When Houstonia managing editor Katharine Shilcutt welcomed me to Houston via Gastronaut and social media, she asked readers and friends where I needed to start my Houston culinary explorations. Not surprisingly, Ninfa's on Navigation was the most popular choice. Even my own Facebook friends who had lived in or visited Houston swore by Ninfa's. One friend, a native Houstonian New England Culinary Institute alum who now lives in Vermont, told me Ninfa's boasts the "best damn green sauce and house-made flour tortillas."
So when I headed over to Ninfa's today for Tex-Mex Tuesday, my mouth was set for salsa verde ecstasy. The chips, kept in a giant heater until they're ready to be served, remained admirably light and crisp. The green sauce, however didn't meet my expectations. I couldn't help but think it was missing something. That something was the pucker of tomatillos and lime, the freshness of cilantro, anything besides the dominant sour cream and jalapeños. I preferred the smooth red salsa, smoky with chiles de arbol and that zip of cilantro the green sauce lacked.
The woman making tortillas next to the entrance is indeed doing fine work. The flour flatbread was thick enough to nearly cross over in the category of pita, amplifying its rustic, hand-made appeal. The creamy refried black beans were also excellent, outstripping the slightly mushy yellow rice at their side.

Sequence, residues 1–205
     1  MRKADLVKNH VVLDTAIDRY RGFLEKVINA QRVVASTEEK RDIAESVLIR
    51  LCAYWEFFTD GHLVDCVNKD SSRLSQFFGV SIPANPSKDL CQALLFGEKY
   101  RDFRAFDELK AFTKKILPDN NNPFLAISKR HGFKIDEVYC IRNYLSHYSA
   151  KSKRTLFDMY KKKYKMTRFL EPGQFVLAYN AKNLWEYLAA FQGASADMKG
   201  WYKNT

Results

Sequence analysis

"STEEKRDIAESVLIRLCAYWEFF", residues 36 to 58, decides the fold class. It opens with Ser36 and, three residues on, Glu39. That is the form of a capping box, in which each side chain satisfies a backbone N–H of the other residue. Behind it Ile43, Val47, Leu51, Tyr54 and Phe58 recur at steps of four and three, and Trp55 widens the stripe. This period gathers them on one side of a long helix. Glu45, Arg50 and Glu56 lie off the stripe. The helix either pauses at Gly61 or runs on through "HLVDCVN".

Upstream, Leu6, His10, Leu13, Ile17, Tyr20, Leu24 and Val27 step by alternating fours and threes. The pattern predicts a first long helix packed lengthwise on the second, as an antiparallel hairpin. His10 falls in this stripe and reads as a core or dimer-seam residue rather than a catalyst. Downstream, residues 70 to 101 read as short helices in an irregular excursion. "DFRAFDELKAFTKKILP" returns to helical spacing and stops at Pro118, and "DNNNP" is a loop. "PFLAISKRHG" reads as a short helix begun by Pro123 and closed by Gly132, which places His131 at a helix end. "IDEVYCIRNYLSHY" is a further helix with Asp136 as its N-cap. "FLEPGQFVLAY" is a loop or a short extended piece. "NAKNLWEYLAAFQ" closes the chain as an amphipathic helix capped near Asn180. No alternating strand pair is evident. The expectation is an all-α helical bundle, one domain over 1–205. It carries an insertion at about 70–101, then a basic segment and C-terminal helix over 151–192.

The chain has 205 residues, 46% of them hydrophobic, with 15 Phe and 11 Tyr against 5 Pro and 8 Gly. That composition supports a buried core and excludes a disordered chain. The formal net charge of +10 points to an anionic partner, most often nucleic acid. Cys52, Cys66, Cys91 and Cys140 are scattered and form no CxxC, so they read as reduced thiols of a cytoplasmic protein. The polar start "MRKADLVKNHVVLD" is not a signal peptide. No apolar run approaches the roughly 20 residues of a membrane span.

All that was included in my $20 lunch, but the centerpiece was, of course, the mixed plate of steak and chicken fajitas. And this is where I'm going to get myself in trouble. I was expecting sizzling fireworks. The beef was a disarmingly lean-looking skirt steak which sent up smoke signals from its recent grilling when I smelled it. But a wimpy marinade meant it didn't taste like much else. The chicken was even less inspiring, with an exterior so wan it could almost have been steamed. I'll add points for crisp, fresh onions and peppers, but Ninfa's fajitas were not what I had hoped they'd be.
As I waited for my ultra friendly server to pack up my family-sized leftovers, I couldn't help but wonder if there were more flavorful fajitas to be tasted right on Navigation Blvd., where a good handful of other Mexican spots have sprouted up since Ninfa's 1973 debut. I've got some serious fajita tasting ahead of me. And when I find a new champion, I'll let you know about it right here, on a Tex-Mex Tuesday yet to come.